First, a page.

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Cultural cohesion, p.73
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       Cultural Cohesion, p.73

           Clive James

  In Falkland Road: Prostitutes of Bombay, Mary Ellen Mark shows how this can be done. She moved in with the eponymous hookers, became part of the scenery and ended up by reaching such a level of acceptance that the girls and their clients allowed her to photograph them in flagrante. The results are unlikely to put you off sex, with which the activities in Falkland Road seem to have only a parodic connection, but they might well put you off India. The girls work in cubicles the size of packing crates and perform their ablutions in a bucket. Hepatitis hangs in the air like aerosol spray. For the alert customer the whole deal would be a bit of a downer even if Ms. Mark were not poised in the rafters busily snapping the action. The intrepid photographer contributes her own introduction, in which she spends a lot of time conveying her deep affection for the girls without ever raising the topic of whether she, too, might not be said to be drawing sustenance from the sad traffic, and in a much safer way. Still, Cartier-Bresson photographed whores in Mexico in 1934.

  Already responsible for nine books, Ms. Mark was born in 1940 and graduated from the University of Pennsylvania. Susan Meiselas, author of Nicaragua, is a Sarah Lawrence graduate who does not give her age but can safely be adjudged even younger than Ms. Mark. Both women are getting well known fast, not because either of them is Gisèle Freund or Lotte Jacobi reborn but because they both know how to get in and get the story. Ms. Meiselas’s story is the Nicaraguan version of with-Fidel-in-the-Sierra, down to and including the berets, Che moustaches and .45 automatics triumphantly raised in adolescent fists. “Yet unlike most photographs of such material,” says an accompanying note from John Berger, “these refuse all the rhetoric normally associated with such pictures.” Not for the first time one wonders how Berger, inventor of the purportedly illuminating concept “ways of seeing,” actually does see. His eyes certainly work differently from mine, which find Ms. Meiselas’s every second picture laden with rhetoric. But despite more recent reports from Nicaragua, one concedes that the rhetoric might be, in this case, on the side of the angels. Nor can it be gainsaid that people calling on themselves to be courageous often behave rhetorically. Who looks natural when nerving himself for battle?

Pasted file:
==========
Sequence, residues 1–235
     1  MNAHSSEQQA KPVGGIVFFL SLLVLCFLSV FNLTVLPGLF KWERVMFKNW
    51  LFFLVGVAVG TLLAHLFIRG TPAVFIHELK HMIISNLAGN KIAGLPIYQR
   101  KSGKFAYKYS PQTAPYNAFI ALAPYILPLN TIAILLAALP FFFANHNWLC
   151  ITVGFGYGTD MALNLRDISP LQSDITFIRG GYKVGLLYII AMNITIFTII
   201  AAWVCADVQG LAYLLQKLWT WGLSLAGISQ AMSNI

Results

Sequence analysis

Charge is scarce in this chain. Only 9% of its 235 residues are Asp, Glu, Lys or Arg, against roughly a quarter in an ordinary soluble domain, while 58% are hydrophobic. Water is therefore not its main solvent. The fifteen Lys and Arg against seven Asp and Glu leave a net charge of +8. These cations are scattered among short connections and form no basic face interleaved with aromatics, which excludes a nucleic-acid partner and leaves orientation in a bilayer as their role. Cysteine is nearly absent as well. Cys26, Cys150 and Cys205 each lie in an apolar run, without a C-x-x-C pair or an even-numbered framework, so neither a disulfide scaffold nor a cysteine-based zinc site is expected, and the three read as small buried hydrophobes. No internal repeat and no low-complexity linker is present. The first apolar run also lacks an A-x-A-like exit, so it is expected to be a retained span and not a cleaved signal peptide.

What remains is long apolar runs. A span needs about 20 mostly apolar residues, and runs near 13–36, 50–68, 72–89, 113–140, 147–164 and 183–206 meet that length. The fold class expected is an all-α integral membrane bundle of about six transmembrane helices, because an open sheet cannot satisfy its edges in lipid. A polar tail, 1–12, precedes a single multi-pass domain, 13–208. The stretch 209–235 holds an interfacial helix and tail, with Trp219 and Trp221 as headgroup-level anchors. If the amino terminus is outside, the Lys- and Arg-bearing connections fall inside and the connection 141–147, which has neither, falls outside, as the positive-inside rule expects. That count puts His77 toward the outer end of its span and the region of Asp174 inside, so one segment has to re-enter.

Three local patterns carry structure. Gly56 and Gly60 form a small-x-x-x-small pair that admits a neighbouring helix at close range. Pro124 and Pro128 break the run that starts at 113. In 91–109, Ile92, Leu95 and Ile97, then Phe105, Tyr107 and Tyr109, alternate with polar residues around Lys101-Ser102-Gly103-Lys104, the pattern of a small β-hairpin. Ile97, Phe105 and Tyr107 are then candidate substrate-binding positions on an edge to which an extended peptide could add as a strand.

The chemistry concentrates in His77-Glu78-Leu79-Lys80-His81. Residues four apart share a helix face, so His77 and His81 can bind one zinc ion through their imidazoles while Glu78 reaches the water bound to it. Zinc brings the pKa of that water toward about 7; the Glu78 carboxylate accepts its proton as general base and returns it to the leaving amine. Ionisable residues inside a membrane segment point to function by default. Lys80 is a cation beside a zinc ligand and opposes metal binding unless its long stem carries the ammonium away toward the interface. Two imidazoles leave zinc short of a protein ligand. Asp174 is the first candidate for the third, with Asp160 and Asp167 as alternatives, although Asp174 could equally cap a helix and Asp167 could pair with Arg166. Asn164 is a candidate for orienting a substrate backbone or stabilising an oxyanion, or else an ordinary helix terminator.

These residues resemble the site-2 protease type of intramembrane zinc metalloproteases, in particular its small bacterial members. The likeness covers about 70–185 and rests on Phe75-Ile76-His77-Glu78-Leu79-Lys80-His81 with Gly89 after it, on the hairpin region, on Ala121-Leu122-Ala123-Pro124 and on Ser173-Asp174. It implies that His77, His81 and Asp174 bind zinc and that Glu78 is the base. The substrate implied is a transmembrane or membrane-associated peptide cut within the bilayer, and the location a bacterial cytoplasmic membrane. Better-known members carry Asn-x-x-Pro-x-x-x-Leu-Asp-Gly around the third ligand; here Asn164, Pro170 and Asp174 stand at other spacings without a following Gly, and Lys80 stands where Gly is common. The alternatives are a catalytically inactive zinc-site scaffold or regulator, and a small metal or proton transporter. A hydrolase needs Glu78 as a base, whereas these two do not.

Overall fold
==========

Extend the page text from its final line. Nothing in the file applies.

Photographs, according to Barthes, never entirely leave the world of words. In Visions of China Marc Riboud’s photographs taken between 1957 and 1980 constitute, even more than Eve Arnold’s recent volume on the same subject, a reminder that if we know nothing about the background we might well make a hash of interpreting the foreground. Orville Schell’s introduction makes much of Riboud’s supposed ability to see past the rhetoric to the reality beneath. Certainly Riboud got off the beaten track and managed to hint that not all was harmony, but it should not need saying—and yet it does—that he got nowhere near recording the full impact of the Cultural Revolution, which we were allowed to see nothing of in the form of pictures and have since had to hear about in the form of words. Most of these words were emitted between sobs, since those victims who survived are often unable to recall their sufferings with equanimity.

  This fact should lend additional significance to such a photograph as plate 89, “Student Dancer, Shanghai, 1971.” It shows a radiantly happy girl being inspired by the mere presence of Mao’s little red book. But in this case the punctum, instead of crossing from the photograph to the viewer’s mind, travels in the other direction. Today’s viewer will have heard that the Chinese ballerinas were sent by Mrs. Mao to have their muscles ruined in the fields. The dancers were already suffering at the time when Shirley MacLaine, a dancer herself, was wondering, in her television documentary about China, why the Chinese looked so happy. The viewer haunted by these considerations is unlikely to look on Riboud’s photograph of a Chinese dancer as being anything more edifying than a pretty picture.